Foie Gras with Apple and Caramelized Onion
of the most interesting things I learned while working on
my last cookbook, Foie Gras
A Passion, is that
much of the European, and especially French tradition of raising
geese, fattening them, and cooking with the fat and the fattened
liver comes from Ashkenazi culture. Jewish women in Medieval
Europe would raise and fatten geese as a source of income.
The rendered fat, gense schmaltz in Yiddish, would be used
to cook just about everything, sweet and savory, almost as
a substitute for lard. And the prized liver would be reserved
for special occasions, such as the Passover seder. I take
great pleasure in knowing that the historical antecedent of
modern-day chopped liver was actually foie gras.
recipe, though given to me by my friend Dano in upstate New
York, actually has its roots in old Jewish cooking. It is
similar to a classic recipe for "Goose Liver, Old Jewish
Law" that appeared in the 1901 German cookbook Ausfuhrliches
Kochbuch, and that had been made for a long time before that.
will need a beautiful foie gras and some extra duck liver.
(Although goose foie gras would be more historically accurate,
it is not produced in this country.) Don't be nervous about
cooking foie gras; nothing could be simpler than this dish,
Although the original recipe called for cooking the apples
with the liver, you can add them to the hot fat at the end
of the cooking process so they remain tart and crisp, and
are therefore better suited to cut through the richness of
the liver. Serve it with a large loaf of challah or peasant
bread, and encourage your guests to spread the liver on the
bread along with the onions, apples, and fat. Though not quite
a substitute for chopped liver, this dish is nevertheless
a welcome addition to any holiday feast.
Makes 12 to 14 appetizer
1/4 pounds (about 2 cups) rendered duck fat (available from
www.hudsonvalleyfoiegras.com or www.dartagnan.com)
large yellow onions (1 1/2 pounds), sliced thinly
medium cloves garlic, minced
whole Grade-A foie gras, about 1 1/2 pounds, cleaned of
any visible surface imperfections (available from www.hudsonvalleyfoiegras.com
teaspoons kosher salt
ground black pepper
large, sweet eating apples (1 pound), such as Golden Delicious,
Mutsu, or Gala
the oven to 300°F. In a large sauté pan set over
medium-high heat, melt the duck fat. Add the sliced onion
and cook until lightly golden brown, about 10 minutes. Add
the garlic and continue cooking an additional 2 or 3 minutes
until soft. Transfer this mixture to a deep 10-inch baking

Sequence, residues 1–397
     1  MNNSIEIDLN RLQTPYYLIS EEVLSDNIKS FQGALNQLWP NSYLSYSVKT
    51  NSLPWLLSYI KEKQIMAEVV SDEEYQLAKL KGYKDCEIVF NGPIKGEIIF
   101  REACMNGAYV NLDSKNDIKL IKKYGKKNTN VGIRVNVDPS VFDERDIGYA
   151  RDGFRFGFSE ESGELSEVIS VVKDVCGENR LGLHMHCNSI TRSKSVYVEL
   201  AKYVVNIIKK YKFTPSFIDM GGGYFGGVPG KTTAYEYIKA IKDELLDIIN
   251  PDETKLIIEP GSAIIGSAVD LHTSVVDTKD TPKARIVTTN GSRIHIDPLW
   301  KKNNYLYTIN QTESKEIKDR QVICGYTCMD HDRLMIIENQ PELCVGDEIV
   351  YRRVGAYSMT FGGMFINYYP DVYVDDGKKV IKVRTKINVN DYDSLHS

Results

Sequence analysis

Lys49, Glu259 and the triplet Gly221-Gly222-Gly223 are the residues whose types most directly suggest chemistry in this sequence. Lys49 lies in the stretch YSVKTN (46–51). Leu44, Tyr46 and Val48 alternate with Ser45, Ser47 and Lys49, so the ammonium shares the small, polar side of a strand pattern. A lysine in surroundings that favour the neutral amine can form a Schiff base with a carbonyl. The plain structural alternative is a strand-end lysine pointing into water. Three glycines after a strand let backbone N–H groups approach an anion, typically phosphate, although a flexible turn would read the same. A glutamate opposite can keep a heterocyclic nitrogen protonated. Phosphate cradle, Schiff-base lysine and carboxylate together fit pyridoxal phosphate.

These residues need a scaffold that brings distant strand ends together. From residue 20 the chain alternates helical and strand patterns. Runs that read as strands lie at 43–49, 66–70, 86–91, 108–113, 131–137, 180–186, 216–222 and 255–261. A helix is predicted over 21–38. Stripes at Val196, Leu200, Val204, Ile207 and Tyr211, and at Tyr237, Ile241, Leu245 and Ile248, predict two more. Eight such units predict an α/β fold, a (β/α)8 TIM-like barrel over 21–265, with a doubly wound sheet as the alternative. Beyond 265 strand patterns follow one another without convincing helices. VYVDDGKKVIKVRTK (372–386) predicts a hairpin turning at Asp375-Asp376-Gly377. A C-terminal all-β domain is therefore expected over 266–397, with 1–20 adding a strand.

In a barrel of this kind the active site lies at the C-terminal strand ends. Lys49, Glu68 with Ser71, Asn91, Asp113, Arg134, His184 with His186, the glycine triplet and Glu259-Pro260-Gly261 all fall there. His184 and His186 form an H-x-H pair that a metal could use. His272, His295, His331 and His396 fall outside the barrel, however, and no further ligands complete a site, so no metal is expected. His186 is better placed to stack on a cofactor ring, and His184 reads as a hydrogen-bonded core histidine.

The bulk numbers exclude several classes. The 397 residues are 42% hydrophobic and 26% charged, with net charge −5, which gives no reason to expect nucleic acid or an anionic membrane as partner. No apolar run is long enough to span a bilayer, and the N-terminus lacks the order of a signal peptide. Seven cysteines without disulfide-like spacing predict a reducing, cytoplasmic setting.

dish. Meanwhile, season the whole foie gras with the salt
and pepper. Bury the foie gras, smooth side up, in the onion
and fat mixture so that it is more than half way covered with
the fat. Set in the middle of the preheated oven and bake
for about 1 hour and 10 minutes, or until the liver feels
firm. It will have released some of its fat and shrunk somewhat,
but it will still be more or less in tact.
the liver is baking, peel, quarter, and core the apples. Cut
the quarters into slices. As soon as you remove the foie gras
from the oven, place the apple slices in the hot fat surrounding
the liver. Cool to room temperature in the baking dish on
a wire rack. The foie gras should be served at room temperature
or slightly warmed in the baking dish with plenty of challah.
Guests should just dig in with a knife to get some liver,
and spread it onto the bread with some of the apple, onion,
and duck fat from the pan. Yum.
much fat? Well, first let me say that the people of Gascony,
France's foie gras region, who consume more saturated fat
than any population on the planet, and in the form of duck
liver, no less, also happen to have the longest life expectancy.
That's the French paradox. Shut up, pour yourself a glass
of red wine, and enjoy.
I made a smaller amount? You can really only make one liver's
worth of this dish because once you start cutting into the
liver, it looses its fat more readily and tends to disintegrate
when it is baked. Besides, this is a dish for special occasions
gras is considered one of the most luxurious culinary indulgences.
And throughout history, because it was produced by Jewish
butchers, the question of its kosher status has been seriously
scrutinized. It just so happens Israel is one of the world's
largest producers of foie gras today, and much of it is kosher.
The ducks are scrupulous observed to make sure they are not
injured in the process of making the liver. And then the liver
is koshered like any other liver.